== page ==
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On Fri, 7 Oct 2005, Matthew Snyder wrote:

> First, regarding the restrictions that institutions put on who can hear
> archived holdings with murky legal status, it should be stressed that for
> most major institutions (and probably most minor ones as well), the main
> worry is getting sued down to their skivvies by a copyright holder who
> pops out from under a rock with a lawyer by his side.

If a library has a deposit agreement which limits the auditioning of
copyrighted material to a controlled environment, I can understand
concern, however, from a technological standpoint this is impossible to
enforce.

If there is not a prior agreement, the copyright does not hold the library
responsible for an unsupervised copy being made.

I wonder if there is any case history of libraries being sued?

Also, as I have stated before...when a copy is duplicated, the person
making the copy can be held responsible. I know of no case history of any
individual being sued for making a single copy of anything. My guess is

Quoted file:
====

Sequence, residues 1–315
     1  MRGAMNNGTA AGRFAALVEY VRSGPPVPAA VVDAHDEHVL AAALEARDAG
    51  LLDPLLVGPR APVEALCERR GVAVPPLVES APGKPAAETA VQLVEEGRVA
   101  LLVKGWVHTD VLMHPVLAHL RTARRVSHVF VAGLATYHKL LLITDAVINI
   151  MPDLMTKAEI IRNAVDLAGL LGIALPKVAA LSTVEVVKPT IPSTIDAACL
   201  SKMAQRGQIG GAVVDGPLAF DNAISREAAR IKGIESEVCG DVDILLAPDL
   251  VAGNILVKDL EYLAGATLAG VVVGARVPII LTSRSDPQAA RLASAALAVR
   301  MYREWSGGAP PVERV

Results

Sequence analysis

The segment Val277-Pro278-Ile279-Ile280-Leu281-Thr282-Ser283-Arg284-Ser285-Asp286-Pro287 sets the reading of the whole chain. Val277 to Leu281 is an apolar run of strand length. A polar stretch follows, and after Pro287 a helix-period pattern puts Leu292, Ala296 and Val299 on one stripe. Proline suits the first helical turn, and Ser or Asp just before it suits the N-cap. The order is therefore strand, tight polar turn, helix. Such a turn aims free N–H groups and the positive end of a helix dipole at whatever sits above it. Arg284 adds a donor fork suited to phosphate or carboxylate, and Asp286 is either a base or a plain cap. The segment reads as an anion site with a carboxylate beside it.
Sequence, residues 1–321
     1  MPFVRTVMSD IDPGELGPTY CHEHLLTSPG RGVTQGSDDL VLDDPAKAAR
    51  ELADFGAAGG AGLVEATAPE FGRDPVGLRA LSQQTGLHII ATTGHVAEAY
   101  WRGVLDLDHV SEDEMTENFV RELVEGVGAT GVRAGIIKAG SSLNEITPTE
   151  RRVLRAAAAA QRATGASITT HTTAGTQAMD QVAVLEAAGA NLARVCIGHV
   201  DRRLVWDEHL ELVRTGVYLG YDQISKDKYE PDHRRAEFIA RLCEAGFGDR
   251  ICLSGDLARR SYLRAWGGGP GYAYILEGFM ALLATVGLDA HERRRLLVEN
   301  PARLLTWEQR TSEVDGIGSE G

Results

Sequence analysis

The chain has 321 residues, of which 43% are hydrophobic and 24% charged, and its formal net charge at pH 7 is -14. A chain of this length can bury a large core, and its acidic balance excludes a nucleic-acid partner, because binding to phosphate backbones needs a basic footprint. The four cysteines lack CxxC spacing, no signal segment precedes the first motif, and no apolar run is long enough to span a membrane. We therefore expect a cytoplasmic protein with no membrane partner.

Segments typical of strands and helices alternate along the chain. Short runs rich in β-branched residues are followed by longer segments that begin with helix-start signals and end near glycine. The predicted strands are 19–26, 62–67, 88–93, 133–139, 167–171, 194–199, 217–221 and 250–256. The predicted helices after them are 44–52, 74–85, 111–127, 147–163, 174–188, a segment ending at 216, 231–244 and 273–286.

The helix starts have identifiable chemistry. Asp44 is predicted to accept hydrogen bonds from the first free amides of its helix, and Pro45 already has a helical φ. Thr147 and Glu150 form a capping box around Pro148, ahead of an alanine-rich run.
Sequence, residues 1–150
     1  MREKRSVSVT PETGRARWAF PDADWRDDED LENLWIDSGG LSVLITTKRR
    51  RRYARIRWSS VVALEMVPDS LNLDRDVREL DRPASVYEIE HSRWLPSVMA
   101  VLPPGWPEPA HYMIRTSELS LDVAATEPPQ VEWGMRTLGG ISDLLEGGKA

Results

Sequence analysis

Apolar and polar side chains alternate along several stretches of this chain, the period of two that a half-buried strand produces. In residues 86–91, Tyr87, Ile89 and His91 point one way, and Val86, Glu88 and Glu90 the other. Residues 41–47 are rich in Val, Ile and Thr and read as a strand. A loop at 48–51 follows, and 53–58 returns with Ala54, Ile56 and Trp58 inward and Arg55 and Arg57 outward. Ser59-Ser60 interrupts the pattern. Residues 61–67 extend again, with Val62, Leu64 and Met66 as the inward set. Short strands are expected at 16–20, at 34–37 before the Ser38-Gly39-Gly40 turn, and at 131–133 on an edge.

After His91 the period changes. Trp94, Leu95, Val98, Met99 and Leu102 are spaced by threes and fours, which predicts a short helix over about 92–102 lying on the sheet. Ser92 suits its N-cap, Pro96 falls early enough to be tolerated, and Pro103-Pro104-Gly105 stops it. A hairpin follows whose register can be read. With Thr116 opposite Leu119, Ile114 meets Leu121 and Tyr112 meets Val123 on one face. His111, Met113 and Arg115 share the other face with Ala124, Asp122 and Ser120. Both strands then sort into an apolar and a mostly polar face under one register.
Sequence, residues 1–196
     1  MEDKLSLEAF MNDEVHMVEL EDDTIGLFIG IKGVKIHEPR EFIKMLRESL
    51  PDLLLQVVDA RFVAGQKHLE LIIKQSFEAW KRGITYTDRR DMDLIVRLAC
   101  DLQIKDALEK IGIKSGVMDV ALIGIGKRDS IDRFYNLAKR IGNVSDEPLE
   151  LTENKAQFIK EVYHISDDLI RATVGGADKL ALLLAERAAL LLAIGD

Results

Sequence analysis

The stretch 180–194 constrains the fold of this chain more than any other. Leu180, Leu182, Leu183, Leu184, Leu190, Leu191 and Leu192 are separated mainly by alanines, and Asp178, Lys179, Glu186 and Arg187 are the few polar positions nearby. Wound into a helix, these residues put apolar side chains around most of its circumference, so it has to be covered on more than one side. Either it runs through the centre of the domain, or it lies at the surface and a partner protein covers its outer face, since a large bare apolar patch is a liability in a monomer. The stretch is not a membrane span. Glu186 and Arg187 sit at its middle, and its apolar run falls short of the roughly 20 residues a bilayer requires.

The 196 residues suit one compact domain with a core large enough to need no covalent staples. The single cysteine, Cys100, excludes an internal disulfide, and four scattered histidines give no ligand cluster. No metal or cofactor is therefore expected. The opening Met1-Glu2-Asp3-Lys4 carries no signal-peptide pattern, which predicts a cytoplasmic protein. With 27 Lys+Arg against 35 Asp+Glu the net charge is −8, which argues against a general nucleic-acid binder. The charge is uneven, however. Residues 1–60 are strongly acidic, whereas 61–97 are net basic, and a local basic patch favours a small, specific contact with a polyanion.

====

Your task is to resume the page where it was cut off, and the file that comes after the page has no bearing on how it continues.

that there isn't much point in going after any individual unless they were
a Bill Gates.

> The point here is
> that a library's job is NOT to keep everything it ever gets. Archives do
> that, and even then they don't keep EVERYTHING, they only collect what
> they define as being part of their mission.

Yes, but, do you believe a library has an ethical responsibility to
explore venues of disposal which could make those materials available to
archives and individuals who could make good use of those
materials...and/or make every reasonable effort to maximize a potential
revenue stream from the disposal of those materials.

I am reminded of the old days when we had our book sales...which was, in
my opinion, a great benefit to scholarship and the intergrity of the
materials. The down side was a rare first edition book which was donated
to the library...marked for sale at $1 and discovered by the donor of
the book on the book sale shelf. That was the last book sale we had...now
we just surplus...which means an equivalent situation could have that book
being sold for a few pennies...the only difference being that the donor
might not be aware of how little his donation was valued.

Karl